According to another aspect of the present disclosure, a lock system is provided that includes a core body, lock actuator, blocking body, return spring, solenoid, and token. The lock actuator is coupled to the core body for rotation about an axis. The blocking body is movable between a first position blocking rotation of the lock actuator about the axis and a second position permitting rotation of the lock actuator about the axis. The blocking body has a longitudinal axis. The return spring is positioned along the longitudinal axis of the blocking body that biases the blocking body toward the first position. The solenoid has a shaft movable between a first position in which the blocking body is locked to prevent rotation of the lock actuator about the axis and a second position in which the blocking body is unlocked to allow rotation of the lock actuator about the axis. The token is couplable to the lock actuator to control movement of the shaft between the first and second positions.
Additional features of the present invention will become apparent to those skilled in the art upon consideration of the following detailed description of preferred embodiments exemplifying the best mode of carrying out the invention as presently perceived.
An electronic token 10 and lock core 12 in accordance with the present invention are shown in
Additional lockset components shown in
The electronic lock core 12 and token 10 operate as a standalone unit and thus lock core 12 does not need to be hard-wired into an electrical system. All power required by lock core 12 and token 10 come from lock core 12 and token 10. In addition, any other features of the locking system such as access tracking, recombination, clock, display feedback, etc. must be contained within the token 10 and/or lock core 12.
The lock core 12 includes a mechanical portion 20 and an electrical portion 22 that must be satisfied to permit an individual access through the entryway restricted by lock core 12 as shown in
Lock core 12 includes a core body 28, a key plug or lock actuator 30 positioned to lie in core body 28, a control sleeve 32 positioned to lie in core body 28, a control lug 34 coupled to control sleeve 32, pin tumbler barrels 36 positioned to lie partially in core body 28 and partially in the key plug 30, and a face plate 39 as shown, for example, in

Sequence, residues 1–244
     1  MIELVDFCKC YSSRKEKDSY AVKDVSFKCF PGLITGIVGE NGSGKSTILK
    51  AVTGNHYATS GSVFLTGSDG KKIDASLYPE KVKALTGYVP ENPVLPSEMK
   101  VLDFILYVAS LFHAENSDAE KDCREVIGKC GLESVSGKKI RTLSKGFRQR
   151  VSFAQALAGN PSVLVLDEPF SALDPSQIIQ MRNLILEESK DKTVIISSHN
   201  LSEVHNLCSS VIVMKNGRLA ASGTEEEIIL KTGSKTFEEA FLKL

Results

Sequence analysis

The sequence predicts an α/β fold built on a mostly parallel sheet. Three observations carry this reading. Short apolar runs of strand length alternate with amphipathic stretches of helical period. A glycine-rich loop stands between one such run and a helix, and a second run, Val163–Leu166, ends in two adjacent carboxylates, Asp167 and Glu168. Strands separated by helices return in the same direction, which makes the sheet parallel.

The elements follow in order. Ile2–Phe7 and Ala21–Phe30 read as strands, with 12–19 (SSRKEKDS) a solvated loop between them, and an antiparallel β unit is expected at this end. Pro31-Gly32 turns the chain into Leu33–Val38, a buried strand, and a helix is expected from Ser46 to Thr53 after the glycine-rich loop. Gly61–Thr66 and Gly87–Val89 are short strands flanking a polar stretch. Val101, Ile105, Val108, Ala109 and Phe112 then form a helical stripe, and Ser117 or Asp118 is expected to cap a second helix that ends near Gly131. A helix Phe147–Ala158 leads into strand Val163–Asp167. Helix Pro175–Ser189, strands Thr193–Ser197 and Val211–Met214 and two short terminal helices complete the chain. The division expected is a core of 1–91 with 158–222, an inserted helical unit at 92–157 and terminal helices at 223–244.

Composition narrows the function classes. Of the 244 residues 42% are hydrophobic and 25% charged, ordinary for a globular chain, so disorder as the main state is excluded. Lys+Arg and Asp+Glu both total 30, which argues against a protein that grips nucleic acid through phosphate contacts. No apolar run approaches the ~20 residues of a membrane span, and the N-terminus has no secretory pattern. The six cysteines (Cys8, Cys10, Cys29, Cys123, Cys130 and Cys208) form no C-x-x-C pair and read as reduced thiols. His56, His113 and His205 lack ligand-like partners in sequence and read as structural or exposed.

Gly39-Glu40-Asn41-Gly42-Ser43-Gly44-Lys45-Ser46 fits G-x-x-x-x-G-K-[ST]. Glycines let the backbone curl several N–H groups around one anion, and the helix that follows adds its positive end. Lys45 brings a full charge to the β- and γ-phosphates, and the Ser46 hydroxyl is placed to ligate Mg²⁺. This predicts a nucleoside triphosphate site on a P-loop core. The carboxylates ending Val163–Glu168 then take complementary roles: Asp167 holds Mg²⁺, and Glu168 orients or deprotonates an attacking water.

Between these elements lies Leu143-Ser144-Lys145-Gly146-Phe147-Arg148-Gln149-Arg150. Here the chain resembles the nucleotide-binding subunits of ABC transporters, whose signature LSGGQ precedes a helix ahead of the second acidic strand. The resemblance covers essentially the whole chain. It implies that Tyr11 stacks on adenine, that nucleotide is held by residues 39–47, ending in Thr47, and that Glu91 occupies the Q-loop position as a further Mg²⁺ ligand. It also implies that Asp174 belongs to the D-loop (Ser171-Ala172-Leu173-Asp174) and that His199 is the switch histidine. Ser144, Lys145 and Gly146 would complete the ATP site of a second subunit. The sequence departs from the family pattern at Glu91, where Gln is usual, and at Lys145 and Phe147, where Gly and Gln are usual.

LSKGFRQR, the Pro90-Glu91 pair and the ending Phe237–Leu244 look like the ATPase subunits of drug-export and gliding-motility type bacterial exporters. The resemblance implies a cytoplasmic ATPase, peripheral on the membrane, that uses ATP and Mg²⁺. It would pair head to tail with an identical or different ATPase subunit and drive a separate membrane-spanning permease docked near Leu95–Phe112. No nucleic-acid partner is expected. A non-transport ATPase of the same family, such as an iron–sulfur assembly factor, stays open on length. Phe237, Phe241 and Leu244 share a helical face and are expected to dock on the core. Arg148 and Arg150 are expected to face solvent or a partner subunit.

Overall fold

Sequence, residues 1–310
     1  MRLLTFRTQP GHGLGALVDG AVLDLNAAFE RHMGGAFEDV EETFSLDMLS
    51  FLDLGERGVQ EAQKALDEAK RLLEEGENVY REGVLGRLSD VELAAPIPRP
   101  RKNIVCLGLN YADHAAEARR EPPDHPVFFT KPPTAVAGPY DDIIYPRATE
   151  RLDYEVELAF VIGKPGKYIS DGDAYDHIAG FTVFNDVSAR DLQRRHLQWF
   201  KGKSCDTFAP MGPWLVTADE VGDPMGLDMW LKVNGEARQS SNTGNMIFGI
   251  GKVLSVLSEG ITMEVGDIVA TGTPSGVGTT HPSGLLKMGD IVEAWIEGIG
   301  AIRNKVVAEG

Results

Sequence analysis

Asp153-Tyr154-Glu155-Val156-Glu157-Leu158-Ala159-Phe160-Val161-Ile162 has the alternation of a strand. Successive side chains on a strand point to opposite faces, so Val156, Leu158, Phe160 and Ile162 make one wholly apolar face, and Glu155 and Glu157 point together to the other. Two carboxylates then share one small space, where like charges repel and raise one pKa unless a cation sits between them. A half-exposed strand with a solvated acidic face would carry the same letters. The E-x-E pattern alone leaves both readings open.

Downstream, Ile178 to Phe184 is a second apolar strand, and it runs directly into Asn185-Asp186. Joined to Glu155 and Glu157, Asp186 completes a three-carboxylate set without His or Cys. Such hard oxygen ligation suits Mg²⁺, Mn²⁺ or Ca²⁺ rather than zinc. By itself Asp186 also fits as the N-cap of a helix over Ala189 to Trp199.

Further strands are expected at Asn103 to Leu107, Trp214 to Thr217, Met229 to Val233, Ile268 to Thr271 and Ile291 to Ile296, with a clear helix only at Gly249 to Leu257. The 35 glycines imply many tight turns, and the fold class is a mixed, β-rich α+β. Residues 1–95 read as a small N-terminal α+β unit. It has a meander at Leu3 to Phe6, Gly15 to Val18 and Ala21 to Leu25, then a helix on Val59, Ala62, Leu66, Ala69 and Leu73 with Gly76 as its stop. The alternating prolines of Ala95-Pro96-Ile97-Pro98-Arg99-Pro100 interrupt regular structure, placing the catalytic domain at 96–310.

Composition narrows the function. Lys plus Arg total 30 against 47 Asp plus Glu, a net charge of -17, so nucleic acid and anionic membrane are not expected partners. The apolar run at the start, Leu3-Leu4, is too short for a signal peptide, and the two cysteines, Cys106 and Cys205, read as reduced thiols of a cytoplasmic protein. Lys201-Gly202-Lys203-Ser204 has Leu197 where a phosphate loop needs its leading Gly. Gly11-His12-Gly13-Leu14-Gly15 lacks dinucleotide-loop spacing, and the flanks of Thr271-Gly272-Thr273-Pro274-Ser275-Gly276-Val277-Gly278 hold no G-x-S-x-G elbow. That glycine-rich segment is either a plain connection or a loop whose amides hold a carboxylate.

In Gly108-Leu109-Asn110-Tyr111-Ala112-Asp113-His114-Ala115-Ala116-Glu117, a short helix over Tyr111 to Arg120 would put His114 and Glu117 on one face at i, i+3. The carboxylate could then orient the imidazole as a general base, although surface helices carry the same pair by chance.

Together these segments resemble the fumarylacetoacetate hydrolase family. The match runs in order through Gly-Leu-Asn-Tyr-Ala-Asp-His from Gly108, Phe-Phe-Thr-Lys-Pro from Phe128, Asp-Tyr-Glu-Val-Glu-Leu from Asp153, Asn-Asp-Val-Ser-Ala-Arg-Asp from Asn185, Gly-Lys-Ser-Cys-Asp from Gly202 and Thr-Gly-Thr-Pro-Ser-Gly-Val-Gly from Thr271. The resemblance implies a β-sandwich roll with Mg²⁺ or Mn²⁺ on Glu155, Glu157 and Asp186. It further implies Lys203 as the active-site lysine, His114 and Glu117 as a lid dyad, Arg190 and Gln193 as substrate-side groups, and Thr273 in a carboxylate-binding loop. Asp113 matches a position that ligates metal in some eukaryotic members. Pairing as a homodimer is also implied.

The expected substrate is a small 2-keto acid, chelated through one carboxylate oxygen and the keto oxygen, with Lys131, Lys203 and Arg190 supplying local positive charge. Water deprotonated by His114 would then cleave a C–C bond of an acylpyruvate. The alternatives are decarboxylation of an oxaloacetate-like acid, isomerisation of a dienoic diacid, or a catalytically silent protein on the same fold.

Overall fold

Key plug 30 is formed to include a keyway 37 that receives token 10. Keyway 37 is in communication with pin tumbler barrels 36. Key plug 30, control sleeve 32, and control lug 34 are rotatable relative to core body 28 by a token 10 as shown in
Key plug 30 is one type of lock actuator that transfers movement induced by a token to move a door latch or other component of a lockset. In alternative embodiments of the present invention, key plug 30 may be linearly movable with respect to core body 28 to move a door latch or other component of the lockset.
When control sleeve 32 and control lug 34 are rotated with key plug 30, control lug 34 is moved in and out of a recess 38 formed in lock cylinder 14 as shown in FIGS. 1 and 5-7. When control lug 34 is positioned to lie in recess 38 as shown in
To rotate key plug 30 alone and, alternatively, control sleeve 32, control lug 34, and key plug 30 together, two different tokens are used with lock core 12. One of the tokens is referred to as an operating token 40 and is used when a user wants to rotate key plug 30 alone to cause the lockset to lock and unlock. The second token is referred to as a control token 42 and is used when a user wants to rotate key plug 30, control sleeve 32, and control lug 34 to move control lug 34 in and out of recess 38 formed in lock cylinder 14. The operating and control tokens 40, 42 cooperate with tumbler pins 44 positioned to lie in pin tumbler barrels 36 to determine if key plug 30 is rotated alone or together with control sleeve 32 and control lug 34.
Before a token 40, 42 is inserted into keyway 37 of key plug 30, tumbler pins 44 couple key plug 30 and control sleeve 32 to core body 28 as shown, for example, in
The operating token 40 engages tumbler pins 44 to align the faces of tumbler pins 44, as shown in
The control token 42 engages tumbler pins 44 to align the faces of tumbler pins 44 as shown in
The lock core 12 shown in
The mechanical portion 24 of token 10 includes a bitted blade 46 and the electrical portion 26 includes a circuit 48 and contact or coupling 50. The mechanical portion 20 of lock core 12 includes pin tumbler barrels 36 and tumbler pins 44 that cooperate with bitted blade 46 of token 10. The operation of pin tumbler barrels 36 and tumbler pins 44 are discussed in detail in U.S. Pat. Nos. 4,444,034, 4,424,693, and 4,386,510 and are incorporated herein by reference. In alternative embodiments, the mechanical portion 24 of the lock core 12 and token 10 may include any type of mechanism in the lock core that the token must actuate before a user is granted access.
The electrical portion 22 of lock core 12 includes a circuit 52, an actuator 54, a contact and coupling 56, and a mechanical linkage 57. The circuit 52 of lock core 12 and circuit 48 of token 10 communicate through contacts 50, 56. Many types of contacts 50, 56 can be used and placed in many different locations on lock core 12 and token 10. These contacts 50, 56 include ohmic and inductive contacts as discussed in provisional patent application Ser. No. 60/080,974 filed Apr. 7, 1998 that is expressly incorporated by reference herein.